Conceived as a 2-panel diptych, JACK THE RIPPER depicts the moments “just before” and “just after” a grisly alleyway murder. What makes Jack the Ripper so compelling to me is that nothing is known about him. Because he was never caught, we have no actual information about who he was or why he committed his gruesome crimes. What we have is not a historical or biographical portrait, but a communally imagined idea of Jack the Ripper as an aristocratic predator. As a boogeyman, he graphically symbolizes the idea of the wealthy and powerful preying on the poor.
Unable to find an appropriate alleyway in Kansas City, I decided to build a set. The walls were made from large sheets of styrofoam that we carved and sculpted to look like brick using a hot-knife and heat gun.
My cousins Steve Hoffine and his brother Jerry Hoffine help run a Haunted House called 3rd Street Asylum in Bonner Springs, a small town just outside of Kansas City. They were kind enough to allow me to build my set inside an unused hallway in their Haunted House.
The part of Jack the Ripper was played by my friend Chad Hawks. With his heavy brow and swarthy good looks, I thought he would be the perfect model. And despite what he looks like in my photograph, Chad is one of the kindest, sweetest people you will ever meet. He grew out his own muttonchops for the role, and flew himself in from Chicago to help me with my project.
The part of Jack’s victim was played by Celine Collins. Celine is, in many ways, the real hero of this project. She owns Monkey Wrench Clothing, and I originally drafted her to help make the elaborate costumes that I needed. She was already doing all of this costume work for free when I asked her if she would be willing to play the part of the victim as well. Despite her shyness, Celine agreed, and gave me an absolutely marvelous performance. Monkey Wrench Clothing specializes in corsets and steam-punk attire and shares storefront space with Retro Vixen on 39th Street in Kansas City. You should definitely check her out.
Celine’s wig was styled by Ruby Von Blush. Her make-up, for good or ill, was done by me.
My regular assistant Demian Vela was back to help me with this photo-shoot, as was my beautiful and talented wife Jen Hoffine. She helped Celine add wire to Jack’s coat so that it would hold it’s position without the use of a windmachine.
Steve and Jerry Hoffine, as well as their friend Mike Clouse, came down on the night of the shoot to help run fog machines and spray atmospheric mist over my set. The rats were plastic toys that I repainted. I added whiskers made out of fishing line. And lastly, the all-important top hat was loaned to us by my super-talented friend Damian Blake, who had previously played the part of Thurber the patron in last year’s project PICKMAN’S MASTERPIECE.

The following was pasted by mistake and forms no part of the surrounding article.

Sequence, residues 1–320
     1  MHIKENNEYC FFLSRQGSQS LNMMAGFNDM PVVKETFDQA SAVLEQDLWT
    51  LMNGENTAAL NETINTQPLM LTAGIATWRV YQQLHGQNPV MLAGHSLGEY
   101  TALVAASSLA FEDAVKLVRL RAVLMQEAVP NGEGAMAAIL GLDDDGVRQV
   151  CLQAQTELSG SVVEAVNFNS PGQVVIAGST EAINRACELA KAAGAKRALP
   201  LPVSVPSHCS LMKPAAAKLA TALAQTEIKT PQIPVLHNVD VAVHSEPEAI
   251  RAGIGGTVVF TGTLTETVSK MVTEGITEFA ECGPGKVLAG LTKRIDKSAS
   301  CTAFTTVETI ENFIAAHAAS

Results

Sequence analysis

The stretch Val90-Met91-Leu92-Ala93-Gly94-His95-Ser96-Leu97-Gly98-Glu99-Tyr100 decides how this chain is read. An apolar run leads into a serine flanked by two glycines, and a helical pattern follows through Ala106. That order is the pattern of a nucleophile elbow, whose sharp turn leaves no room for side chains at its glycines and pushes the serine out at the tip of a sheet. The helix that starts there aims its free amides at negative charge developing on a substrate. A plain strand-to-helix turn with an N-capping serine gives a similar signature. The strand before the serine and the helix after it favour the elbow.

On October 1st I will release the second half of my project: JACK THE RIPPER 2. It is by far the goriest image I have ever made. I hope you can check it out!
See you next time!
Hey kiddies! This is my new project called PERSEPHONE, named after a figure from Greek mythology. Persephone was a nature goddess who became Queen of the Underworld after being abducted by Hades. The myth of her abduction represents her role as the personification of vegetation – which shoots forth in spring and withdraws into the earth in autumn. When she is in the Underworld we experience winter. And when she visits the world she brings with her spring, flowers, and the resurrection of life. As both a Goddess of Spring, and the Queen of the Underworld – she exemplifies the tension between life and death.
My lovely bride Jen (Lady Bathory) returned as my assistant for this project, as well as my faithful friend Demian Vela. We also worked with some new collaborators. Rebekah Whitt played the part of Persephone, and her make-up was done by Shawn Shelton with Bandersnatch Studios.
The walls and archway of the set were made from plastic VacuForm panels that we painted to look like stone. We built the set inside a factory near Robert Kurtzman’s studio in Ohio. Kurtzman is a legendary make-up FX artist and the founder of KNB EFX. He also wrote the original story for the movie FROM DUSK TIL DAWN and was the director of WISHMASTER. Kurtzman introduced us to David Greathouse (House) – who created all of the foam latex vines that we wired and glued to the walls of the set.
Kurtzman also introduced us to Beki Ingram, who turned out to be the real hero of the project. Jen, Demian and I were all enormously impressed as she spearheaded the enormous task of dressing the set walls with fake foliage and roses, which were meticulously glued to the walls, one flower at a time.
Beki has recently become a TV celebrity. She is one of the leading contestants on the hit reality show FACE/OFF, which features up-and-coming special-effects make-up artists in a winner-takes-all competition. The program airs on Wednesday nights on the SyFy Channel, and each week we are glued to our TV sets rooting for our friend.
Demian took a week off of work and drove 800 miles to Ohio to help with this project. I think he was excited by the prospect of hanging out with Robert Kurtzman.